W3C home > Mailing lists > Public > www-style@w3.org > July 2009

Re: [CSS3 gcpm] CMYK colors and allowed values.

From: Chris Murphy <lists@colorremedies.com>
Date: Fri, 31 Jul 2009 15:16:38 -0400
To: W3C style mailing list <www-style@w3.org>
Message-Id: <8AD43F8D-5B58-4AA9-94A9-94070D03FF28@colorremedies.com>
Cc: David Perrell <davidp@hpaa.com>
On Jul 31, 2009, at 2:42 PM, David Perrell wrote:
> Clearly, RGB can't sub for CMYK. Converting 100%K, 30%C text to RGB  
> and back
> again can really muck things up. But why would anyone use CSS to  
> mark up
> documents for which appearance is critical?

There are certain objects, like text, that need to be treated  
differently when converting from RGB to CMYK, than images. Even in the  
case of CMYK content, when repurposing to another flavor of CMYK it is  
important to treat text as a unique object.

> I don't see inclusion of CMYK without profiles as disastrous.  
> Spec'ing CMYK
> colors on paste-ups didn't require printer profiles. But images are  
> another
> story, and I don't see CSS markup targeting a specific type of print  
> device.
> If included, CMYK should always be a *secondary* color spec, to be  
> used *if*
> the device supports it.

So you'd color manage images but not color manage CSS content? We have  
that very problem right now with RGB and it's a big sticking point  
when different kinds of content can and can't be color managed  
correctly. It causes discontinuity between, say a CSS background and  
the borders of neighboring images or images with transparency and  
other content where the background object should show through but  
match the color of an image object.

If the point of this CSS module is to directly drive output devices,  
this is another matter. If the point of this CSS module is to  
facilitate the creation of some other document like PDF, PostScript,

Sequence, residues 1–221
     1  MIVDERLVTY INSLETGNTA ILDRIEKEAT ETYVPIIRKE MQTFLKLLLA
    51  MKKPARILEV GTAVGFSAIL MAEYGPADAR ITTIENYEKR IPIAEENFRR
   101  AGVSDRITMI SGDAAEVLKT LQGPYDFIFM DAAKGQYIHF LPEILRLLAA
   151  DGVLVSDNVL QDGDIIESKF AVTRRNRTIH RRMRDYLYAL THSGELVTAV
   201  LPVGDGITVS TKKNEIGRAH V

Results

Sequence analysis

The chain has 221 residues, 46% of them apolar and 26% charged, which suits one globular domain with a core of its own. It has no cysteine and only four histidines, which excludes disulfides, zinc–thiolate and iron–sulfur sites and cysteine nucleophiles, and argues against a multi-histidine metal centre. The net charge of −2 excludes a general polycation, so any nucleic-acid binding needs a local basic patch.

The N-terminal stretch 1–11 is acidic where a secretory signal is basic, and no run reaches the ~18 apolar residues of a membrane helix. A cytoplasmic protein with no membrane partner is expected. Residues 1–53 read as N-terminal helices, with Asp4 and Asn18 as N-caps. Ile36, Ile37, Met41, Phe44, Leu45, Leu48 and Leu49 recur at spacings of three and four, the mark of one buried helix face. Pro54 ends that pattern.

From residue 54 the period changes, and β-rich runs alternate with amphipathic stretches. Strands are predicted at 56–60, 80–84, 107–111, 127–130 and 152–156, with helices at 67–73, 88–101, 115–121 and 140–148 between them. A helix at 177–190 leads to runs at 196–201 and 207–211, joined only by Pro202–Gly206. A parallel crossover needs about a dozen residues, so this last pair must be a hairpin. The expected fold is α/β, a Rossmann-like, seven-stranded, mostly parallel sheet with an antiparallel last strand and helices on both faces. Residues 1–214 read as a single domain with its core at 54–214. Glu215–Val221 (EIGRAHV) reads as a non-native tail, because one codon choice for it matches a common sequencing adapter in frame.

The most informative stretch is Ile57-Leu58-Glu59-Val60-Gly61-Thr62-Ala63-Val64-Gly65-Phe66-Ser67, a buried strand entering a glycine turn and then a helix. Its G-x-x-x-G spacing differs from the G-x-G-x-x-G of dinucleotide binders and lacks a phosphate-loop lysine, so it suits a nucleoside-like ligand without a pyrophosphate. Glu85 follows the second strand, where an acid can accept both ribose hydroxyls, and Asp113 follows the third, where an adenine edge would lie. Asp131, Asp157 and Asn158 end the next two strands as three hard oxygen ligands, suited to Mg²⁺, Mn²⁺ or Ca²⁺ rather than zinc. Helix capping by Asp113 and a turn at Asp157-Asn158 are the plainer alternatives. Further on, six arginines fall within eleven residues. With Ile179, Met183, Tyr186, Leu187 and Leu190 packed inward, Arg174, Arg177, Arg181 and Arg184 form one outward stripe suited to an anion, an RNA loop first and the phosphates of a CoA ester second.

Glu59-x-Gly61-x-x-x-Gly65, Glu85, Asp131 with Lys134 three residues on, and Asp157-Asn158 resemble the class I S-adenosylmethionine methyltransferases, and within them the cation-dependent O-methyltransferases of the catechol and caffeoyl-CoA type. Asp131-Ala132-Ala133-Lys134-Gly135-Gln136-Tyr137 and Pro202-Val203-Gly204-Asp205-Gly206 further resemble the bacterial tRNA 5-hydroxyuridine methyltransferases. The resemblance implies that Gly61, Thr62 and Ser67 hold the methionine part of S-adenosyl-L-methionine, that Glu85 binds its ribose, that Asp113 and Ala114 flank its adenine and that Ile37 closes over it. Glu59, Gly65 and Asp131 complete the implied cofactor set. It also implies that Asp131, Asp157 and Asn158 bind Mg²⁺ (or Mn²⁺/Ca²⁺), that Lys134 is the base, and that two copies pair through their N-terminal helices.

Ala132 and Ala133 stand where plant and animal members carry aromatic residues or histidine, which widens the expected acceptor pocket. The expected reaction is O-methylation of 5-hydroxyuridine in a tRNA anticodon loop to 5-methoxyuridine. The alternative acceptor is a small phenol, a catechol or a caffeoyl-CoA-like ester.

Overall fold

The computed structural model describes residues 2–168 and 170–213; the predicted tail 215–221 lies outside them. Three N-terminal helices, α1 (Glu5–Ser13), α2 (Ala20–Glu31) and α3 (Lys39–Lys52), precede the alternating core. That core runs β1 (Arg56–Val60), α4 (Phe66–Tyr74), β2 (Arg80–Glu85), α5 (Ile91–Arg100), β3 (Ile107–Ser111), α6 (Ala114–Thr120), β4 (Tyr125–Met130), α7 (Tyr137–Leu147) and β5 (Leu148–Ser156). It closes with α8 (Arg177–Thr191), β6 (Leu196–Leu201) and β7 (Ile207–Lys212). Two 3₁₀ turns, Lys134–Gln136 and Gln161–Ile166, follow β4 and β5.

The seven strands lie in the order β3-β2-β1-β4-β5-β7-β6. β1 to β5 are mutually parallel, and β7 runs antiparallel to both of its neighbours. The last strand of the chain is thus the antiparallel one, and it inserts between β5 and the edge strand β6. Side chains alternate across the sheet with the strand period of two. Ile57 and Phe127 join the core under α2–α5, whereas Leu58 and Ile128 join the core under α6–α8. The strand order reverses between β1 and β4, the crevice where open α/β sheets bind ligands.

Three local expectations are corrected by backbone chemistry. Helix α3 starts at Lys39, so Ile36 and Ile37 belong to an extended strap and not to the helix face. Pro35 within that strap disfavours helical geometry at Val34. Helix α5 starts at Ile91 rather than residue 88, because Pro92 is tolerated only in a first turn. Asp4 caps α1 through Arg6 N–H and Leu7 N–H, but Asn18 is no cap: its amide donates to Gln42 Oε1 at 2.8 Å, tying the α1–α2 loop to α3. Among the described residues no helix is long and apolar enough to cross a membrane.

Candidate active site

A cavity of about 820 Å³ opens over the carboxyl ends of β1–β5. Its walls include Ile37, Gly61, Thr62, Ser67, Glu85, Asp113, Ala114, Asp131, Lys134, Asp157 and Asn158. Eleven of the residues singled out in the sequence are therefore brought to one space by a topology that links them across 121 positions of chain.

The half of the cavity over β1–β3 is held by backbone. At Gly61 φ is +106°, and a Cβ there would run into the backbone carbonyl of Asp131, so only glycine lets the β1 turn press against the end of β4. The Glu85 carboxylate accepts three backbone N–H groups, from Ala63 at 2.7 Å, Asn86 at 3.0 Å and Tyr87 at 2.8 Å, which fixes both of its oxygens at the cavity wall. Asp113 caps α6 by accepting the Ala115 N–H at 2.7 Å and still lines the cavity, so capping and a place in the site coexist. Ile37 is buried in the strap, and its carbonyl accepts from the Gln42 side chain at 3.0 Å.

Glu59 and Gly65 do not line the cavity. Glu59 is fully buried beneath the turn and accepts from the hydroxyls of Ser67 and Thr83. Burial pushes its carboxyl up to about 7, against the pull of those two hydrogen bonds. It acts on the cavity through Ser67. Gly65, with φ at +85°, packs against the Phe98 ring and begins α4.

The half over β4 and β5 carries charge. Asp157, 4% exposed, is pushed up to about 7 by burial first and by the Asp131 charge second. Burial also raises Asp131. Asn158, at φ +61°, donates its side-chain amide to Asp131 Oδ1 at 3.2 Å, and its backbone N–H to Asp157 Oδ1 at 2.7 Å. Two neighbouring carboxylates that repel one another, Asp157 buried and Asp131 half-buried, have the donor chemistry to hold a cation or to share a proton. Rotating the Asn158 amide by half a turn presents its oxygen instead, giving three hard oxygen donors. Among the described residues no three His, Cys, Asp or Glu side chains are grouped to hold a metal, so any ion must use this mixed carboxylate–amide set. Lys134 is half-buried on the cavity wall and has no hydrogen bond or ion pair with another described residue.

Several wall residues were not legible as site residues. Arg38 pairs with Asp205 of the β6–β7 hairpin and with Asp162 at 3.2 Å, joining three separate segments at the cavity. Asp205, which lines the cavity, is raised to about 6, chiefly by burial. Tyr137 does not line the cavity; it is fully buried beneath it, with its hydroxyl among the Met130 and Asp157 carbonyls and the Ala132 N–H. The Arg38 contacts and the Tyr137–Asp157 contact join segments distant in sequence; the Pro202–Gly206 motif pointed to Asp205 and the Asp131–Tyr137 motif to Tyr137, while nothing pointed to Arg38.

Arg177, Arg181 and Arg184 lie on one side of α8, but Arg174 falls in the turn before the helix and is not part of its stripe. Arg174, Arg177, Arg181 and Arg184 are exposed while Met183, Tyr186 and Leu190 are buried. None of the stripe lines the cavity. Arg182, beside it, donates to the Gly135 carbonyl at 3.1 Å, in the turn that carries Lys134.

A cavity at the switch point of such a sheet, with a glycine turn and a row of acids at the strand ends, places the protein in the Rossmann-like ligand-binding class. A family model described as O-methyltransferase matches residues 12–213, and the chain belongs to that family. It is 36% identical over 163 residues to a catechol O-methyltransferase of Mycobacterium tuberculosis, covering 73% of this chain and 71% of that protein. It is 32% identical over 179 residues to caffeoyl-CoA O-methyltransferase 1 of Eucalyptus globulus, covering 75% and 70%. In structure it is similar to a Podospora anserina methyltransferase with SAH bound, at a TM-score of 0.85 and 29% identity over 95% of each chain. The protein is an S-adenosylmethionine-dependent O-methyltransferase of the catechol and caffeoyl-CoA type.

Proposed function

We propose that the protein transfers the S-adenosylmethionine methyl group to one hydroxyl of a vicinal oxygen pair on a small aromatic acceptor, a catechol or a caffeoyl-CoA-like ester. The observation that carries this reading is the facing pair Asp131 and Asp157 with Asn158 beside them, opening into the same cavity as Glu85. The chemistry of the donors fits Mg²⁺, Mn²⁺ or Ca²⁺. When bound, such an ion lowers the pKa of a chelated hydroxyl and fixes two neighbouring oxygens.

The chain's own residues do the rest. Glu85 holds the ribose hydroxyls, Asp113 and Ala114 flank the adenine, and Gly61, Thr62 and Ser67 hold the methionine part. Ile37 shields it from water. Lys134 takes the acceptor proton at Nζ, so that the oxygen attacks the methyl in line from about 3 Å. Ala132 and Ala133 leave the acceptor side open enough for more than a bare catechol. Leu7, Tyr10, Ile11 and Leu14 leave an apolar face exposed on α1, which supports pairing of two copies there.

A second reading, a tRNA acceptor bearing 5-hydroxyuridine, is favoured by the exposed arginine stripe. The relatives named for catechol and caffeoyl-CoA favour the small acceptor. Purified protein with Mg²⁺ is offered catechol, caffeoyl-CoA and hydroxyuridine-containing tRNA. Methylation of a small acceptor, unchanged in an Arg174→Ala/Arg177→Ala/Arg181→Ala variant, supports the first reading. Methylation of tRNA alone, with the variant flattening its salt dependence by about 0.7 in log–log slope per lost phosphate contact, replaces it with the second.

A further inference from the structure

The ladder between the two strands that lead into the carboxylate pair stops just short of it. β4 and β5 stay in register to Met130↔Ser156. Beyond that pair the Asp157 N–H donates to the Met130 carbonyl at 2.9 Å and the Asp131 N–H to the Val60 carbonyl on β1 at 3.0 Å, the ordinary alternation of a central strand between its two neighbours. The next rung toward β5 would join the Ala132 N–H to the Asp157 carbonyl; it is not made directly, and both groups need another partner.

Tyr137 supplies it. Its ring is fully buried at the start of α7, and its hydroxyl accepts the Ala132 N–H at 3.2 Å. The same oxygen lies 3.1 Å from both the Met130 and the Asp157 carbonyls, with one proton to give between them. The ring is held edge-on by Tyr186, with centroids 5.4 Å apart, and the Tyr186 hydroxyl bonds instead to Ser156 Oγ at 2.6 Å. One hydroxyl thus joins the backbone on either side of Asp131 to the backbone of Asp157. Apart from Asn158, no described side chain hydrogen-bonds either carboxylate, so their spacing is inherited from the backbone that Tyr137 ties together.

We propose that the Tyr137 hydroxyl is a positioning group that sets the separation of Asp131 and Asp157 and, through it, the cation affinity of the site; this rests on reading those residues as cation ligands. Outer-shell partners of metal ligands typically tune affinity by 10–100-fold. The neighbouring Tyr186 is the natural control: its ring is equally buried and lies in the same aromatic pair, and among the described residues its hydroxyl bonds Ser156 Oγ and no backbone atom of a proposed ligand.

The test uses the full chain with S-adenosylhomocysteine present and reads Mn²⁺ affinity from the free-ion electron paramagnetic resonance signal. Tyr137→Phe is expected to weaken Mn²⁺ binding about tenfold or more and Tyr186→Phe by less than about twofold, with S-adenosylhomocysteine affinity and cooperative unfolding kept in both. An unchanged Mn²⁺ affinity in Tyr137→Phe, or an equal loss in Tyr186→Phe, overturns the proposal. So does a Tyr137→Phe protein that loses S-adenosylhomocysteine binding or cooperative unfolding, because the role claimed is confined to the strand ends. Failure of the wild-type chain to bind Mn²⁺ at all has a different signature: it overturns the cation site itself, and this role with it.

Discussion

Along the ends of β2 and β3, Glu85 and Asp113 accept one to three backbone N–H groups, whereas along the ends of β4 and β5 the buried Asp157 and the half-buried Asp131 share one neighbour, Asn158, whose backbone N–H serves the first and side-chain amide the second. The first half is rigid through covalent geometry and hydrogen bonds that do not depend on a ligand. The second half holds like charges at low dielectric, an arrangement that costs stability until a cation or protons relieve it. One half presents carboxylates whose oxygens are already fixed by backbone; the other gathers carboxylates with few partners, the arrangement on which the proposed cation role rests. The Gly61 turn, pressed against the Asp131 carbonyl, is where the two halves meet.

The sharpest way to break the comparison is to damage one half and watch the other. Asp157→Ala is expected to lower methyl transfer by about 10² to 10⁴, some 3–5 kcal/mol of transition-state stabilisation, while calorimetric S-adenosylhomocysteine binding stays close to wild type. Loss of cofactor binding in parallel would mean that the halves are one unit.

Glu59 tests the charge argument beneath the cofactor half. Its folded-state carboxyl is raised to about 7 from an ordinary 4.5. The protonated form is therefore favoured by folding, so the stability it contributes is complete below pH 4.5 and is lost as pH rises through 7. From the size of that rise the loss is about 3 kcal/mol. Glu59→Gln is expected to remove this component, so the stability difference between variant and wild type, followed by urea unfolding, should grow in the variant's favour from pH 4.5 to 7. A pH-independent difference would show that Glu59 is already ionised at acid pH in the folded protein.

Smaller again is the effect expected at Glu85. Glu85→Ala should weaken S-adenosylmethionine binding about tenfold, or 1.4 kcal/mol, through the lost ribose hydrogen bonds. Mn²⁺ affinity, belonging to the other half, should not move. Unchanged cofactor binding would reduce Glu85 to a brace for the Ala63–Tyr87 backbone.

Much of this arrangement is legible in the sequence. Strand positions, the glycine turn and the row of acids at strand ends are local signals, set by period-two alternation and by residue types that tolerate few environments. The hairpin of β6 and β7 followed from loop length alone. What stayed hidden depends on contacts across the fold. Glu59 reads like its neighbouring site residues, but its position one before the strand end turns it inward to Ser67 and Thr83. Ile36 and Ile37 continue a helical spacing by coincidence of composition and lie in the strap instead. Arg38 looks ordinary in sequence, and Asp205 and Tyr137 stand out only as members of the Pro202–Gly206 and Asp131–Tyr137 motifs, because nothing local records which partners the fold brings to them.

or rastered into TIFF/JPEG/PNG then there are more negatives with  
untagged CMYK than doing it correctly from the very beginning.

> I fail to see the logic of a color spec in a module titled 'Generated
> Content...'.
> | All desktop inkjet printers are RGB for example.
> I believe there are drivers (e.g. Adobe PressReady, ghostscript  
> pcl3) that
> can print CMYK with standard halftone screens on CMYK HP PCL  
> printers (e.g.
> 970C, 1220C).

There are 3rd party products that can do this. Manufacturer drivers,  
the vasty majority use case, for these devices however makes them RGB.  
They have RGB output device class ICC profiles. Their driver receives  
only RGB data. If you try to send them CMYK, the sending application  
or OS will first convert the content to RGB then pass it onto the  

The point is there is such a thing as RGB output and yet CSS doesn't  
have a mechanism for that at all because it's sRGB only, and what's  
proposed is untagged CMYK. I definitely think this is a case of cart  
before the horse.

Chris Murphy
Color Remedies (TM)
New York, NY
Co-author "Real World Color Management, 2nd Ed"
Received on Friday, 31 July 2009 19:17:24 UTC

This archive was generated by hypermail 2.3.1 : Monday, 2 May 2016 14:38:27 UTC